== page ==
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Drexel investigates law professor who accidentally sent her class a link to a pornographic video.

April 6, 2015

Drexel University is investigating a law professor who thought she was sending her class a link to an article on writing legal briefs, but who actually sent a link to a pornography site's video of a woman using anal beads.

"Drexel has been made aware of the email that a professor sent to her class of law students that erroneously included a link to inappropriate material," said a statement the university released on Saturday. "The university takes all matters of this nature seriously and investigates them in accordance with our standard policies and procedures."

The university did not answer a question about reports that the professor has been suspended.

The website Above the Law first reported on what is being called "Beadgate" at the law school, and reproduced the message sent by Lisa McElroy to her students:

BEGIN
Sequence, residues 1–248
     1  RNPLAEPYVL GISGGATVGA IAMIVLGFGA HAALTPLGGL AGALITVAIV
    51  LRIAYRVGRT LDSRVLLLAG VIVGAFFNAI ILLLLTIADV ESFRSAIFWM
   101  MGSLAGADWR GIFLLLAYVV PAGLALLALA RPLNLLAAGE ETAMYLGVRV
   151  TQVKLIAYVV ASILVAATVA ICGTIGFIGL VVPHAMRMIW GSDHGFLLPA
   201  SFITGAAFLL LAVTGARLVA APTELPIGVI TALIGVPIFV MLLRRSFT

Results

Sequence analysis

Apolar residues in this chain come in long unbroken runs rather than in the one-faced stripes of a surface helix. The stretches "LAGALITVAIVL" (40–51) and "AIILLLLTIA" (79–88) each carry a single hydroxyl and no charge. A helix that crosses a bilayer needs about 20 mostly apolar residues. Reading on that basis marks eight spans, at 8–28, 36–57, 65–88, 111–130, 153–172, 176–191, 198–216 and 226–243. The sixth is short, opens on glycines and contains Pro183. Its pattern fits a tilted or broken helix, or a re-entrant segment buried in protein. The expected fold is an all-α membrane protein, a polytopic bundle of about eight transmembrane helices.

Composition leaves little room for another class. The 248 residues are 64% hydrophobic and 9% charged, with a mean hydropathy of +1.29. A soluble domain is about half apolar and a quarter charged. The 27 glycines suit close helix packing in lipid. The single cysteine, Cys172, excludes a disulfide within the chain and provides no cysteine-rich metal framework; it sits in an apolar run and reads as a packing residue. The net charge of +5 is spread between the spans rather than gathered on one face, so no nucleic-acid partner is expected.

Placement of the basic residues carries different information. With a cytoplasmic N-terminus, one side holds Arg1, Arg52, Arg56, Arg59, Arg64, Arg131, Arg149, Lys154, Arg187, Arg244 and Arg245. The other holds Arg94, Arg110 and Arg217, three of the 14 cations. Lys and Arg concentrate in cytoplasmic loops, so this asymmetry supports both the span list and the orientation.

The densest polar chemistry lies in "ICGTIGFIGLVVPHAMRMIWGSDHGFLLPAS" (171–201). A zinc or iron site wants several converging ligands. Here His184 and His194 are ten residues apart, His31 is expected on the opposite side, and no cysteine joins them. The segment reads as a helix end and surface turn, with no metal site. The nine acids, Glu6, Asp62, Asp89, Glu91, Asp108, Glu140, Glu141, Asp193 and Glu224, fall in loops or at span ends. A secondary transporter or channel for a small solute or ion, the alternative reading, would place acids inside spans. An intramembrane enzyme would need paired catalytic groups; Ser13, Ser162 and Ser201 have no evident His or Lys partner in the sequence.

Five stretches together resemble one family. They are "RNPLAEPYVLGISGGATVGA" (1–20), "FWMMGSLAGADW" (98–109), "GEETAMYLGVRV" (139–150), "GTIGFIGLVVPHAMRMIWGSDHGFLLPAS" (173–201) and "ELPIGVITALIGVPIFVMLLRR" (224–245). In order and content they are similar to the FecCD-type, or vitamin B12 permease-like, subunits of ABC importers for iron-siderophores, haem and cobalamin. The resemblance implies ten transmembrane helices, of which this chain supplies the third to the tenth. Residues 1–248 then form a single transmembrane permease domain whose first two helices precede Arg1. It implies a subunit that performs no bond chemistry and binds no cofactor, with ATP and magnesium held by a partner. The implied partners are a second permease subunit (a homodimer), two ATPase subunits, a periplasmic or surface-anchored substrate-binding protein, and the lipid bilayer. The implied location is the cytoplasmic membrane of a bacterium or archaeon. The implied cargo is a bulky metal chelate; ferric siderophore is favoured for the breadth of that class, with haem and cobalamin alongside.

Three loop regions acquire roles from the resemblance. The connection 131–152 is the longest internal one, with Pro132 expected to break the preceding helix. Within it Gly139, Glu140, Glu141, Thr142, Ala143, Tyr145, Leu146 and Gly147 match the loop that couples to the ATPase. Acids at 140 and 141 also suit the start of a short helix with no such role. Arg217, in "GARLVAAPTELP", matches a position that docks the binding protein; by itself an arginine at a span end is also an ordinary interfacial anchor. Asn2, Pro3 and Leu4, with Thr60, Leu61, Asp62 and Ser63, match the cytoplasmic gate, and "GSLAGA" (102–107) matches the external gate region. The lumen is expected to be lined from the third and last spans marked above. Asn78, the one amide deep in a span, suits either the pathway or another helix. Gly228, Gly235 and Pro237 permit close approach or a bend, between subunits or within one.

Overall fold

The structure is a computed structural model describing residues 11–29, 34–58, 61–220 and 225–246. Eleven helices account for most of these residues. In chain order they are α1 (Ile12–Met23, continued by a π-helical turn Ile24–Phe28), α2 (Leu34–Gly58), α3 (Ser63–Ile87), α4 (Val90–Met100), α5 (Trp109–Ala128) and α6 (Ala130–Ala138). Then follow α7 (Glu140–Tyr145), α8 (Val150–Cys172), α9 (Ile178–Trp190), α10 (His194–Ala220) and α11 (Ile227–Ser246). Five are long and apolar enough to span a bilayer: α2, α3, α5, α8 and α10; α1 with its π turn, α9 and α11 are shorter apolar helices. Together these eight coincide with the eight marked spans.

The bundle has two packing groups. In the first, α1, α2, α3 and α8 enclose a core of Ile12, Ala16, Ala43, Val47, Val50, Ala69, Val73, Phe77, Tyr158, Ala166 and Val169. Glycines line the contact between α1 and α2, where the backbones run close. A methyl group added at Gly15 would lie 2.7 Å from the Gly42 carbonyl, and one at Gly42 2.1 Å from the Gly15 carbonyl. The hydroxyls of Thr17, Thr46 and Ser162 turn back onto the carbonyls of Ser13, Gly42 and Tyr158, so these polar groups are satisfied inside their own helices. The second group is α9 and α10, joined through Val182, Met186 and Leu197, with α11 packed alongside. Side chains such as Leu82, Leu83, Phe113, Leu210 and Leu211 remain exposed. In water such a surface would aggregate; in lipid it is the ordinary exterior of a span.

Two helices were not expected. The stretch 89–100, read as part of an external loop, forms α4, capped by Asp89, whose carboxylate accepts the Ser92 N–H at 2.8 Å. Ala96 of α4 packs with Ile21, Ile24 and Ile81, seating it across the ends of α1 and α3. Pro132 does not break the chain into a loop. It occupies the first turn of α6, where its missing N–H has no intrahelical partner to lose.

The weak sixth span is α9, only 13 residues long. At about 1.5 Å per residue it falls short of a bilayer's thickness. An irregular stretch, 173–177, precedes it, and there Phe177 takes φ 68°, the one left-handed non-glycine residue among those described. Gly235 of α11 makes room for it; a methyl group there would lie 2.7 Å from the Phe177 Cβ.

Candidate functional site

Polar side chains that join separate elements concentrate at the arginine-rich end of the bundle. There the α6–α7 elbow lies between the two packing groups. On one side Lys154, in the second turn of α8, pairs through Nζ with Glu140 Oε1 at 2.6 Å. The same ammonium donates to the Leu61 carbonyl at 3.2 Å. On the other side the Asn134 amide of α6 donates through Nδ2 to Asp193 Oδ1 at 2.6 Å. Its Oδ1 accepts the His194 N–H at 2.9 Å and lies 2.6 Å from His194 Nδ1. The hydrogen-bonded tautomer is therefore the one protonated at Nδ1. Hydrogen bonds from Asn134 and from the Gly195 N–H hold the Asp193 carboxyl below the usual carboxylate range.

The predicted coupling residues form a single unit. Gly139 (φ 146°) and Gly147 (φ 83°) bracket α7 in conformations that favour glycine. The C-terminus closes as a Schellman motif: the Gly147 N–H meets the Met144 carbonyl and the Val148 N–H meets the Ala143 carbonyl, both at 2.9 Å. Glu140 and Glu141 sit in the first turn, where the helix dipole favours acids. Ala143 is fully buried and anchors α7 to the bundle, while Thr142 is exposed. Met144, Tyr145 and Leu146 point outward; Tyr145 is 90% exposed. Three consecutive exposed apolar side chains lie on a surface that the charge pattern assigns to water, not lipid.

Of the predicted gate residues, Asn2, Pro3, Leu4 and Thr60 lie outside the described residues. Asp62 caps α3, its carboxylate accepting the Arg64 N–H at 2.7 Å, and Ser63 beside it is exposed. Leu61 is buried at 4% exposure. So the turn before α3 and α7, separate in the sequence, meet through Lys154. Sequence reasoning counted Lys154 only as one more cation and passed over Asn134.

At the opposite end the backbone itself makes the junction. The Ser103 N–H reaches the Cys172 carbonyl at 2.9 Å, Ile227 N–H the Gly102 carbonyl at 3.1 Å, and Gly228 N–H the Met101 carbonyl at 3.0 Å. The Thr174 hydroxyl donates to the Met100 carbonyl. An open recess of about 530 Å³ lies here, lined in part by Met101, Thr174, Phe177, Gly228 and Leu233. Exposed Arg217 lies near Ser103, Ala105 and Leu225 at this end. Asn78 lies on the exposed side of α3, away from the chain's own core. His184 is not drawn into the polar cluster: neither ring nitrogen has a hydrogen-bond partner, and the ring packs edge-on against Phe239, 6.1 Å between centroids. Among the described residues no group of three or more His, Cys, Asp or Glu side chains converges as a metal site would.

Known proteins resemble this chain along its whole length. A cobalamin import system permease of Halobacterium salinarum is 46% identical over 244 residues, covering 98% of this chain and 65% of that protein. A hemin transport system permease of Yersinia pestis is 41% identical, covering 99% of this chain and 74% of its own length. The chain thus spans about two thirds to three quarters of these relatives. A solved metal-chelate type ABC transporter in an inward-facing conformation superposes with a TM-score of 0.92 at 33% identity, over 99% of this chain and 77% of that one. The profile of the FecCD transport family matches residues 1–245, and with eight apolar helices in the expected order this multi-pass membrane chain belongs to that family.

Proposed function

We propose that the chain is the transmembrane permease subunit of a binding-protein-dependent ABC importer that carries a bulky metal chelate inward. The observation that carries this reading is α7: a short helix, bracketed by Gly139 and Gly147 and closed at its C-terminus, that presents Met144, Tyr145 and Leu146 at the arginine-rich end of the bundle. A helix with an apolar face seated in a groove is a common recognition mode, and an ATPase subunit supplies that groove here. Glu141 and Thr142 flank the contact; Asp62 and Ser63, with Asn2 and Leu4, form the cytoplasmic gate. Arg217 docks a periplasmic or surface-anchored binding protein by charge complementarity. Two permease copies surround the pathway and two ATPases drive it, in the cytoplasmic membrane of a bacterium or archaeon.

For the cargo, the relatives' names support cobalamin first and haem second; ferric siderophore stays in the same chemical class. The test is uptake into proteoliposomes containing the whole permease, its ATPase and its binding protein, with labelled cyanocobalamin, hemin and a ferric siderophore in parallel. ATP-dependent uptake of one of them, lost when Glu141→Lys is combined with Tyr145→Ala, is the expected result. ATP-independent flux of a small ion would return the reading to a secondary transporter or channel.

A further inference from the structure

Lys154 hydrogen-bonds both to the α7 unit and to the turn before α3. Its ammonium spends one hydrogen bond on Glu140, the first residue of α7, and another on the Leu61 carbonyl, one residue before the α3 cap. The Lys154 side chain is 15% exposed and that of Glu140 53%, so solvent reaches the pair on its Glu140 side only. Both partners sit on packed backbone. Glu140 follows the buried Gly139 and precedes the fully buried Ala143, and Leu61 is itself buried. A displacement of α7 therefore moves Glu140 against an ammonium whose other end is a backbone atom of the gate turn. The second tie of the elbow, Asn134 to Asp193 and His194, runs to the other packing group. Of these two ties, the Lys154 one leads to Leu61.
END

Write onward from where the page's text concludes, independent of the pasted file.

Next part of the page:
McElroy, associate professor of law at Drexel, did not respond to an email request for comment.

While Above the Law frequently writes of the foibles of law professors, it wrote that Drexel was overreacting in this case and should have just assumed that this was an embarrassing error and moved on, without -- as the university has done -- sending students a message about an investigation of the incident. Investigations are important (and required) if a college suspects that harassment has taken place, but that's not really the case here, the post argued.

"Let’s stop bead-ing around the bush -- sorry, I couldn’t help myself -- and look at this from a practical perspective," wrote David Lat in his analysis of the controversy. "Professor McElroy didn’t intend to 'harass' anyone. She intended to send out a link to some resource about legal writing, as you can tell from the intro line of her… posting, but accidentally sent along the wrong link."

Lat said the professor either was hacked, which he notes is possible, or she made a mistake when she pasted in the wrong link. "Here at Above the Law, we spend a ridiculous amount of our workday copying and pasting -- so when I read about this tale, I thought to myself, 'There but for the grace of God go I.'"


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